Capturing the real asset opportunity
John Cassedy, head of insurance coverage, Americas at DWS, talks about the significant opportunities offered by real assets
What are the main trends in infrastructure and real assets investments?
The marketplace continues to allocate to alternatives, including infrastructure and real assets. Our clients are not an exception, increasing their allocation to more alternatives, with infrastructure, and real assets, playing an increasing role. While infrastructure and real assets are attractive from a return perspective asset allocation models favor infrastructure and real assets due to the monopolistic characteristics inherent in the asset classes, which result in a lower frequency of default with higher recoveries in the event of a default.
The recent interest in infrastructure and real assets is across equity and debt strategies. The increase from an equity perspective is more pronounced in Europe and Australia as infrastructure is a mature asset class, having been investable for decades. The acceptance of the asset class by the regulatory regimes through deliberate capital relieve also play a significant role in Europe. The U.S. market is evolving, especially given the current need for investment. However, one should not discount the significance of the municipal market, and the role it plays in the ownership and financing of infrastructure and real assets can't be over looked. The government-sponsored tax-exempt funding has a direct impact on opportunities presented to investors and third-party capital.
What's your outlook for infrastructure and real assets over the next year?
In this low for longer yield environment (negative in many places), assets with positive yields will remain in demand. When combined with their monopolistic characteristics, lower historical default rates, and higher recoveries, demand for infrastructure and real assets should remain strong. The stability of the income and its contribution to the return differentiates infrastructure and real assets, increasing their attractiveness in asset allocation models. When combined together, these factors are very supportive of expanding allocations to infrastructure and real assets.
Do you see insurers continuing to be attracted by infrastructure and real assets?
Absolutely. With the yield environment continuing in this low to negative framework, global perspective, with a very pronounced, negative framework, and a need for positive income or positive sloped assets is extremely attractive and necessary. In the U.S. real asset yields are attractive on their own. When combined with the current levels of elevated inflation, transitory or not, infrastructure and real assets provide some natural protection to the effects of inflation. This natural protection in this environment will amplify the demand.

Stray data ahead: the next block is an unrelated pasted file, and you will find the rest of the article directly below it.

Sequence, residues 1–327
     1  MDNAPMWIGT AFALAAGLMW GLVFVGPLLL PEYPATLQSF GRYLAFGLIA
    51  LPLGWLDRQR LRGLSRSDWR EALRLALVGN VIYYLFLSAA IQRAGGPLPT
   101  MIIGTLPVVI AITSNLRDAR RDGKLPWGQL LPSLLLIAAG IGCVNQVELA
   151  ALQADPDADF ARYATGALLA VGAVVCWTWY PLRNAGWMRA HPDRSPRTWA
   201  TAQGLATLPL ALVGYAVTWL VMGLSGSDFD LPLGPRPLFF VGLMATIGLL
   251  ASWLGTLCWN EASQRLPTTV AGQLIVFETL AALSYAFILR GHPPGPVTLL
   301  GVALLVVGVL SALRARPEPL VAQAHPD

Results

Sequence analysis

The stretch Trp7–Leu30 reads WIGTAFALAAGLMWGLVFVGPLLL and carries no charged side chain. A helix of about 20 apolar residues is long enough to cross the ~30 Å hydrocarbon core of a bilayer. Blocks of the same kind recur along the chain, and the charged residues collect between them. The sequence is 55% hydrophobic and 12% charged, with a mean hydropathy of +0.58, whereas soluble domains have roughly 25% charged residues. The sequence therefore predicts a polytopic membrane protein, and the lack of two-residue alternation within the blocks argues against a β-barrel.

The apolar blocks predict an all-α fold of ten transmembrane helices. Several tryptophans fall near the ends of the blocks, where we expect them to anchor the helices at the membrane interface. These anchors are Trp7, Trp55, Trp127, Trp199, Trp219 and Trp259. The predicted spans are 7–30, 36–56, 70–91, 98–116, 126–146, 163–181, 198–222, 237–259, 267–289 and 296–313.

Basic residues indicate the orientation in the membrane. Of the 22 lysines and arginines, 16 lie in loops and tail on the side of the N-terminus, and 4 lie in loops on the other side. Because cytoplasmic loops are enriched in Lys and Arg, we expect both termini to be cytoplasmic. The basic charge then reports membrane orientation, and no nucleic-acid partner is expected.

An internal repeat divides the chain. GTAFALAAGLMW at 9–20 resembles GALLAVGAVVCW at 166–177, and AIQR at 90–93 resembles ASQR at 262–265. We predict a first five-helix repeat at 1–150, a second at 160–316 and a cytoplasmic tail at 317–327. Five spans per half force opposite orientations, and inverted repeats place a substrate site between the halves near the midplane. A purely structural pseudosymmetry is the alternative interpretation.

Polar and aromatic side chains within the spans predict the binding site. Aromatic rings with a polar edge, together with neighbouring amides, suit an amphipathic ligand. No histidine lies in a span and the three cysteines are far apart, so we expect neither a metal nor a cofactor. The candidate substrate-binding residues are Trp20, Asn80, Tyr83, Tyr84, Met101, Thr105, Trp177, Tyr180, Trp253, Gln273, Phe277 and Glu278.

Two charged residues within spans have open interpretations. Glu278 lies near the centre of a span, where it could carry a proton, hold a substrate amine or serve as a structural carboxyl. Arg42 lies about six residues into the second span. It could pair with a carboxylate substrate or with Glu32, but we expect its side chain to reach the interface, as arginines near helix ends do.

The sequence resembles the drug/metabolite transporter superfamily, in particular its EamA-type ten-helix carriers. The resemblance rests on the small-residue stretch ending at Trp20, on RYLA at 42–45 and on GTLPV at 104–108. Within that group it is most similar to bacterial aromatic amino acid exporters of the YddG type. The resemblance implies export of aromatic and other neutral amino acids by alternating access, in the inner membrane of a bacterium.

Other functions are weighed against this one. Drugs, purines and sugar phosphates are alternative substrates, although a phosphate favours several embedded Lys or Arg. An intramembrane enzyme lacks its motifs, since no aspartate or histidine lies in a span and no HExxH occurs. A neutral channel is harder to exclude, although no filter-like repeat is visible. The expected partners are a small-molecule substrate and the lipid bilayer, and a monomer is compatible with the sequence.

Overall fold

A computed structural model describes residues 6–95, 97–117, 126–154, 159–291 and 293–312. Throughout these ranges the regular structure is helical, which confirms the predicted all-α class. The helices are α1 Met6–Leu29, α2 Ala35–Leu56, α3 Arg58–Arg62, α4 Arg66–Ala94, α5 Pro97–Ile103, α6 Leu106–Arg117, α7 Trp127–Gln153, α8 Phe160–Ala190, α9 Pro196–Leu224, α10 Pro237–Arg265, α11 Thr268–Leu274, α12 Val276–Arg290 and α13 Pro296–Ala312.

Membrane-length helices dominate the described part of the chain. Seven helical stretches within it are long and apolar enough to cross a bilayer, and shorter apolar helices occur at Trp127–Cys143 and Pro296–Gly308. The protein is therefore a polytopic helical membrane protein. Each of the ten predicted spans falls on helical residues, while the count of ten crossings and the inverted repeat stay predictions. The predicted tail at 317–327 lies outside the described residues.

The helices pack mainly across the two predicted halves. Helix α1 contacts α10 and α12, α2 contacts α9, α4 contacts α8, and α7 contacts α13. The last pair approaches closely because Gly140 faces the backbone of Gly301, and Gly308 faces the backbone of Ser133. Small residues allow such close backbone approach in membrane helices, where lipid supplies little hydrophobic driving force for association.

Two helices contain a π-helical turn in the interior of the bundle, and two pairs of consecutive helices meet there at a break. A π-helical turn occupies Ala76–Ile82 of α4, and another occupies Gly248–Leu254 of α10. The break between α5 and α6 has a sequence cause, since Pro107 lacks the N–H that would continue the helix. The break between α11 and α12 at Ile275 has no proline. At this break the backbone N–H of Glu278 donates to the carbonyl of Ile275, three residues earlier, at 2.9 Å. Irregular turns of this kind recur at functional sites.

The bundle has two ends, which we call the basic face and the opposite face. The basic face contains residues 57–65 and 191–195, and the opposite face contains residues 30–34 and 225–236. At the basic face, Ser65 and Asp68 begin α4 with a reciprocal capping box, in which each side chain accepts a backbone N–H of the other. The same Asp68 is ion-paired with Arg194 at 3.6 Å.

The U.S. looks to be offering good opportunities for infrastructure investment-- is this likely to benefit insurance investors?
Given the clear societal needs, both governments and investors are looking to play a critical role to meet the forecasted demand. While the municipal bond market will play a significant role in the government response, its role will be evolving through time. Recently there has been increasing chatter around reintroducing Build America Bonds, a tool used in the Great Financial Crisis to attract additional sources of capital; The Life Insurance Sector. The role of public- private partnerships is also an area of interest to keep an eye on.
In terms of real estate, what has been your experience through the last year?
Real estate, especially commercial real estate, has been topical given work from home or remote work trends that have taken hold during the ongoing pandemic. While various dynamics have become more prominent or even accelerated due to the pandemic, the one that has been the most pronounced is increased demand for industrial assets, especially "Last Mile" industrial assets. However, investors should not discount the prospects of structural or fundamental shifts in supply and demand in other segments of the commercial real estate marketplace. With vaccination rates increasing and other treatments becoming available, "Return to the office," initiatives will be increasing. Providing a needed boost to our urban areas across the country.
How have you been looking to combine ESG into your real assets offering?
We are very deliberate when it comes to factoring ESG into strategies, including infrastructure and real assets. Our approach is not new; by factoring in both the sector and asset perspective, we can tailor our impact across multiple ESG touchpoints. From a top-down perspective, sector allocations, like alternative energy sources, is one tool. Our team actively manages our portfolio assets from a bottom-up perspective, which is another way to include ESG into our portfolios. Today, technology, when used properly, is allowing us to drive efficiency from our existing assets. This improves the cashflow and the potential valuation of the asset. We look to employ as many ESG factors as possible in our infrastructure and real asset strategies.